Robert remained close to the greatest interpreters and composers – Andrés Segovia, Joaquin Rodrigo, Emilio Pujol and their families. The Radio France Concours, from which he retired in 1993, annually brought to light young talents who were themselves to become famous (Alberto Ponce, Oscar Ghiglia, Turibio Santos, Barbara Polisek and Konrad Ragossnig to name but a few), as did the charmed circles of the Concours and the Festivals. This included Segovia himself, Alirio Diaz, and others who still influence the sound of the guitar in the world – Walter Abt, Roberto Aussel, Leo Brouwer, Costas Cotsiolis, Delia Estrada, Paco de Lucia, Paco Peña, Alvaro Pierri, Manolo Sanlucar, Ichiro Suzuki, and John Williams – not to mention the ‘distinguished working musicians’ of the jury itself! … In fact I believe Antonio Lauro’s first visit to Europe was to the Festival In Castres.
I remember, too, the Festival in Tarbes in July 1987 which numbered amongst the artists Roberto Aussel and the ‘flamencos’ Paco de Lucia, his group and Manolo Franco.
I was stopped by the police speeding in the wrong direction down a one-way street with Manolo in the car. We were late for the concert he was giving but saved by the fact that his face was on vivid display in the posters that lined the streets ….That year there was also an unreal competition where the musicians were hidden from view behind screens. For once they didn’t matter: we were there to award prizes to that brotherhood of master-craftsmen without whom we would all be silent: the guitar makers.

No-one, Robert most of all, saw anything ahead but the prospect of more writing and plans for widening the confraternity of the guitar. There seemed to be time enough. John came to Montfort to give a personal concert-tribute to mark Robert’s retirement in 1997 and we spent a few unforgettable days amongst the gentle hills of Chalosse talking about creating a centre for all those interested in the guitar.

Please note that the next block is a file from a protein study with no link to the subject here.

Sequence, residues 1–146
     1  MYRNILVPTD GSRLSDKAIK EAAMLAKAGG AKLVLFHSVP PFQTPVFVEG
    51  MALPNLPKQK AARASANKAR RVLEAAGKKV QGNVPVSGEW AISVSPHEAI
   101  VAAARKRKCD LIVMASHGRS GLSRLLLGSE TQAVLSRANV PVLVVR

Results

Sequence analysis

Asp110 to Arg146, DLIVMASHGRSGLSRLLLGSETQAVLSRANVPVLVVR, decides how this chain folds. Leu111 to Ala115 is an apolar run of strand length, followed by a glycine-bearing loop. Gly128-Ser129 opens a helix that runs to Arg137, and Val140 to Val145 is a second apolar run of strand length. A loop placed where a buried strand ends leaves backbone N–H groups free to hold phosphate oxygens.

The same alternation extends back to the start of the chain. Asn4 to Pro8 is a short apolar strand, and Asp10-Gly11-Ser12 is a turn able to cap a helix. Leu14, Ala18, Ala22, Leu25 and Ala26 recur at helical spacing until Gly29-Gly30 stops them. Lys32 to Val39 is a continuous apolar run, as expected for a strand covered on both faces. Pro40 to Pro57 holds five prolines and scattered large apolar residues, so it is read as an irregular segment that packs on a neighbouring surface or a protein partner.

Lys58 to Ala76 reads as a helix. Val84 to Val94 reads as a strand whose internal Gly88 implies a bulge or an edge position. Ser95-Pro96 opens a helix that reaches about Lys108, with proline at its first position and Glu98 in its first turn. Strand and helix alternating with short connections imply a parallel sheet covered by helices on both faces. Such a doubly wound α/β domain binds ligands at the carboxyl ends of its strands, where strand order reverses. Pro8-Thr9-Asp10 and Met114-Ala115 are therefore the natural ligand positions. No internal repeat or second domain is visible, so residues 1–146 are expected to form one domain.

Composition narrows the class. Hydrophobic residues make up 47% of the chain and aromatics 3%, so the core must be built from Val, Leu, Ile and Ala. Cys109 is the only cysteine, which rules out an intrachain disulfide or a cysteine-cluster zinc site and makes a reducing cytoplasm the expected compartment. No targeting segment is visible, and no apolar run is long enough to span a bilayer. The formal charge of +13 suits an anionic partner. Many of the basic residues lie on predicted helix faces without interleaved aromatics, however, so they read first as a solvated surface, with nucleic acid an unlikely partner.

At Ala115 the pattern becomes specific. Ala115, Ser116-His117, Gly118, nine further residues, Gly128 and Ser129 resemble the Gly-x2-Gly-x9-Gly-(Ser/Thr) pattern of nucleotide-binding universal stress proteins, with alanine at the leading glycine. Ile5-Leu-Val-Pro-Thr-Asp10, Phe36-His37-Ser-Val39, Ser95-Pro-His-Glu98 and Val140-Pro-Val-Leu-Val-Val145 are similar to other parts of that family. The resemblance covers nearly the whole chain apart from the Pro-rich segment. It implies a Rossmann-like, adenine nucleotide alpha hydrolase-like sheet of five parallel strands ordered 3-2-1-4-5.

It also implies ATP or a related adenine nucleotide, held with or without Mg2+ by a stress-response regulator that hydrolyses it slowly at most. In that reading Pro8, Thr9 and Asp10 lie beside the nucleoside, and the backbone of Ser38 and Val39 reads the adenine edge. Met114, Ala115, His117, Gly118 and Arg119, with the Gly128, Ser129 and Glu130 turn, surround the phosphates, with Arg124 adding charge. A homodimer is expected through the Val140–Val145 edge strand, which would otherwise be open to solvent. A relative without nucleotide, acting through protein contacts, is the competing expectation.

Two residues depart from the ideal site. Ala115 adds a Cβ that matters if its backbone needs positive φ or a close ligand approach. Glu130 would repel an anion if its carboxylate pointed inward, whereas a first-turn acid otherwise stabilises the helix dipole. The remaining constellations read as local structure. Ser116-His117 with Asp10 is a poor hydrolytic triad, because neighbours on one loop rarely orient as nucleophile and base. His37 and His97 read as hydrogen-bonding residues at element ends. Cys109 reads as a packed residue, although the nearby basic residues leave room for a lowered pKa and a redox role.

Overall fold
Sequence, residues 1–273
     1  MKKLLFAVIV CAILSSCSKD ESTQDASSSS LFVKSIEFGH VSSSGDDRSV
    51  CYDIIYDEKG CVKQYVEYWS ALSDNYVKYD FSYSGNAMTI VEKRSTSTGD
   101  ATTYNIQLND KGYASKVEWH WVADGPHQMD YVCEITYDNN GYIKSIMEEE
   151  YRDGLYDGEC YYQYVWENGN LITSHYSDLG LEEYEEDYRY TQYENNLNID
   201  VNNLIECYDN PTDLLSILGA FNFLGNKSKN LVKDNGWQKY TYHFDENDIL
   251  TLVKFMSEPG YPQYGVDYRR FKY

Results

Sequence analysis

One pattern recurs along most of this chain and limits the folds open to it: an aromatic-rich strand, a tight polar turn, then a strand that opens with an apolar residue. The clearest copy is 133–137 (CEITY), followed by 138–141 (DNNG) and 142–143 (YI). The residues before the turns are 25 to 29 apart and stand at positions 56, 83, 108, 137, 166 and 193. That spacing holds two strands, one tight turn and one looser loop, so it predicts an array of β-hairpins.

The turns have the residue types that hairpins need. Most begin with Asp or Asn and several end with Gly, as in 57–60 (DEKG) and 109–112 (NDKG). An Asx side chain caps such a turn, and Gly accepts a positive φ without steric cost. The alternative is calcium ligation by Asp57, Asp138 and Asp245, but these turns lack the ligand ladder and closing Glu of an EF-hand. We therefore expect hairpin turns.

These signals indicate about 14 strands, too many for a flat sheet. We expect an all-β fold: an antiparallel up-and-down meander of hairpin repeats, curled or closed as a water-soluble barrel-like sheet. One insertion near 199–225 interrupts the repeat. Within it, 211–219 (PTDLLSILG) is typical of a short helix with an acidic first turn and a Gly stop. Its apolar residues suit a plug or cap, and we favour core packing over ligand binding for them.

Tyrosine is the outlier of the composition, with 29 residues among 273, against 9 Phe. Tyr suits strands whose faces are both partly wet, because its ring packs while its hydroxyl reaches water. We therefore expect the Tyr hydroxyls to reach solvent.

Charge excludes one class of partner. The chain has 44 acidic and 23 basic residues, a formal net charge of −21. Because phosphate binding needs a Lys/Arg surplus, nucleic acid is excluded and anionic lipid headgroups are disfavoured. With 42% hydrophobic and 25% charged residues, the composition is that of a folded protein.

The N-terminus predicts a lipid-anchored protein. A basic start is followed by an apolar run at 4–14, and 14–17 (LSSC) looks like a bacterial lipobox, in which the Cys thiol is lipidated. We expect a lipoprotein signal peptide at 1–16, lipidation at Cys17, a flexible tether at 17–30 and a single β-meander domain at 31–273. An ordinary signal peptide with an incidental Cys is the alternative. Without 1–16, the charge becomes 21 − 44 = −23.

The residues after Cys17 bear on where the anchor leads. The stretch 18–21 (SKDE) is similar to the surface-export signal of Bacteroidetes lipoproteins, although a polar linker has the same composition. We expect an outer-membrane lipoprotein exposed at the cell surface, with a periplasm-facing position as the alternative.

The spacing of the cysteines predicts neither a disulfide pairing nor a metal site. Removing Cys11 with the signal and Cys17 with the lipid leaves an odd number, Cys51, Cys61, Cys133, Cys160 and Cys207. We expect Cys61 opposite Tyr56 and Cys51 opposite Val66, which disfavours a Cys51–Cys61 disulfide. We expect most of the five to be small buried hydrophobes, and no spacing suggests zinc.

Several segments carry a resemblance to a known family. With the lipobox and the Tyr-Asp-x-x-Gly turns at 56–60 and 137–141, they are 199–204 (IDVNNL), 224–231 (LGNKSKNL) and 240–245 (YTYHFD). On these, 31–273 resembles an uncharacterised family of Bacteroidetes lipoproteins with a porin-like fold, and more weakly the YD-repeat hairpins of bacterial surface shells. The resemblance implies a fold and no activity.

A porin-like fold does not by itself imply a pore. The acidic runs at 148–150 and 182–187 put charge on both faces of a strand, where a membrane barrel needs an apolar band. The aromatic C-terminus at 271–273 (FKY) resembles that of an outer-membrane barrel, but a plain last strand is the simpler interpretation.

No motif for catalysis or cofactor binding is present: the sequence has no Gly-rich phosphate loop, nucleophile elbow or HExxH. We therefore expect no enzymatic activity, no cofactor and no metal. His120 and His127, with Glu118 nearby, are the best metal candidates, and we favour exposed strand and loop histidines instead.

Nor was his passion restricted to the classical and flamenco worlds. He counted Joe Pass, Barney Kessel, Baden Powell and many of the other great names amongst his friends…Muddy Waters, BB King…..He must have been one of the last to talk with Django Reinhardt just before his premature death in 1953. They had met a few nights before at the rue St Benoît/ St Germain des Près Métro Station.

He was a tireless traveller who relished the contact with young people that his passionate commitment to the guitar constantly brought. The cluster of torn-but-never-discarded luggage tags on his shoulder bag said everything: a globetrotter who never tired of the companionship of good musicians, whose presence and views were sought in every ‘concours’ worth its name, and who, himself, could draw on a rich and varied experience of life. He had even worked, in his youth, as an orderly in a hospital in London – a city he loved and where in 1989 and 2001 he gave lectures on the guitar for the Instituto Cervantes of the Spanish Government and for the London Guitar Festival organised by the Venezuelan Embassy.

The Spanish Government trusted his judgement to such a degree that from 1959 he was allowed unrestricted access to artists, recordings and documents that constituted, at the time, a unique anthology of flamenco. His efforts were recognised by the award of the title and privileges of Caballero de la Orden del Mérito Civil by the King of Spain.

Robert will be missed for many reasons – not least because like the gypsies in Flamenco – he was the repository, guardian and vector of much of what is the spirit of the art. The embodiment of ‘el duende’ even, for in addition to the quality and intransigence of his artistic judgement he was possessed of a devilishly irreverent sense of humour….

So great and enduring is his influence that I find it difficult, six years after his death, to write about him in the past tense.

Tony Male.
Ancien Membre du Jury du Concours International de Radio France,
Membre du Jury du Concours International de Guitare Classique de Barbezieux.

Escan-Set’, Laurède, Landes, France